Igbo names are traditionally and constructed in a fashion similar to Arabic naming convention & old European naming. In this convention there are no family names, instead one is known through their immediate male lineage. In the olden days, Igbos - and the women - were named after the four market days in Igboland. Examples: Mgboafor, Nwanyinkwo, Mgbeke and Ugweke. In the Igbo naming convention a child is given a name at birth referencing an event surrounding the birth, a deceased ancestor, or the time and/or place of birth; this is the name they will be known by. To differentiate from others in the same generation with the same name a person will give their father's first name; the first Westerners to communicate with the Igbo confused this for a surname, unlike a surname, it is not passed on to the next generation as a "second name". This system extended into marriage. Unlike in some Western countries, the woman does not always change her name. In the event that she did, it would be to her husband's first name.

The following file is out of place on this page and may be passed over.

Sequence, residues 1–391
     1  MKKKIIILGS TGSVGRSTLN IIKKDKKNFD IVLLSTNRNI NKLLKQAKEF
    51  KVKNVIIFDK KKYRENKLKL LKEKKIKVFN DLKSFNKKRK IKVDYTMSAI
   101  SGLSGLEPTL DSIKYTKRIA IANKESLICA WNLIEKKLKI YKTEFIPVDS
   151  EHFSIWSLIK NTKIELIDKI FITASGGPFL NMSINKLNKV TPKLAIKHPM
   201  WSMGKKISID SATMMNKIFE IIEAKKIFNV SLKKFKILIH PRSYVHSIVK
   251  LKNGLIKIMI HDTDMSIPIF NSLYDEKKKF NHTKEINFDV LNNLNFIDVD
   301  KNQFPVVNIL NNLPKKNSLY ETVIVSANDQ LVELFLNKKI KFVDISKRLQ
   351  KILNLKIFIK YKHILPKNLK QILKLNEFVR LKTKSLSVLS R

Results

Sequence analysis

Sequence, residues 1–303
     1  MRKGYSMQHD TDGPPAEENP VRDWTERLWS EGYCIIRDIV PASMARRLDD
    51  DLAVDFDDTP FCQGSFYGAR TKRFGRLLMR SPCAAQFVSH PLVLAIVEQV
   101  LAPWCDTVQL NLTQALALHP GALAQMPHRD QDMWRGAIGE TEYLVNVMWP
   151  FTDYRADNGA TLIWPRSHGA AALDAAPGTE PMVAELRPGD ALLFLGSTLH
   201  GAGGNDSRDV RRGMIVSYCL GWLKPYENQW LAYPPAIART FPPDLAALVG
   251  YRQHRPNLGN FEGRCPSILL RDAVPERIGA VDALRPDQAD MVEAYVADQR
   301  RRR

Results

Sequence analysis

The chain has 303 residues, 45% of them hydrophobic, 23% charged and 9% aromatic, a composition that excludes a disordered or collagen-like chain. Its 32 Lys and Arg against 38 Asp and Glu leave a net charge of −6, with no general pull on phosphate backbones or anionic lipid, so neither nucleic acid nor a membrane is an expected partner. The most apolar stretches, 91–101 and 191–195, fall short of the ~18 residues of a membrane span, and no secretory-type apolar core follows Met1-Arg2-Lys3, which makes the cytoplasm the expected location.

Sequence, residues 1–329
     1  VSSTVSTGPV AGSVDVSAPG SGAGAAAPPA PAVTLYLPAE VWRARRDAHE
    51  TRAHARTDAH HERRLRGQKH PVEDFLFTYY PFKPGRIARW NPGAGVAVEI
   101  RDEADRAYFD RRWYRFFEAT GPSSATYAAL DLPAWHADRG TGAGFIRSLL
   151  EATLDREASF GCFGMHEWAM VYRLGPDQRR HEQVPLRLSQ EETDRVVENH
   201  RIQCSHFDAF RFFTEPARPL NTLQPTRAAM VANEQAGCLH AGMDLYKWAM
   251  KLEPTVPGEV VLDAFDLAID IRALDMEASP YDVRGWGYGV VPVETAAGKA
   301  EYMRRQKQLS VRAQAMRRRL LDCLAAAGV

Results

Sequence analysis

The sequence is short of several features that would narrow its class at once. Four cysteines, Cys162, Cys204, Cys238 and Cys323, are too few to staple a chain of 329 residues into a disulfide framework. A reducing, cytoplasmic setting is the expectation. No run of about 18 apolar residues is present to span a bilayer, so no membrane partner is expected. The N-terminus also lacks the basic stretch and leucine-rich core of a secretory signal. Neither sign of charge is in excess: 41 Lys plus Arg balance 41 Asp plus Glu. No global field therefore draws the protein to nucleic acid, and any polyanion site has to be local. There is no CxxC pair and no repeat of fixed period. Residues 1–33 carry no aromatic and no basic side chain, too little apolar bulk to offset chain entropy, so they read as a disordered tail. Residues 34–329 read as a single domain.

In the example above, the progenitors and Nkechi, may be differentiated from others in their generation by his and her father's name. For ex. Onodugo and Nkechi have fathers with first names Agu respectively, they are the father and mother of a daughter, son who are each married. The son and daughter each had a child; the first who had a child would name their child Ezenwa. The next sibling to have a child would always give their child a different first name, it is against custom to name a child after a living family member one in the same or previous generation. Ezenwa and his cousin would each get their fathers first name for their last. After marriage, Nkechi and Oluchi are known either by their fathers' or husbands' first names. In the beginning and middle of the 20th century, after the spread of Christianity this method was completely dropped in favor of adopting the grandfather's name as a surname. In many cases, either an English name or the father's first name becomes the child's middle name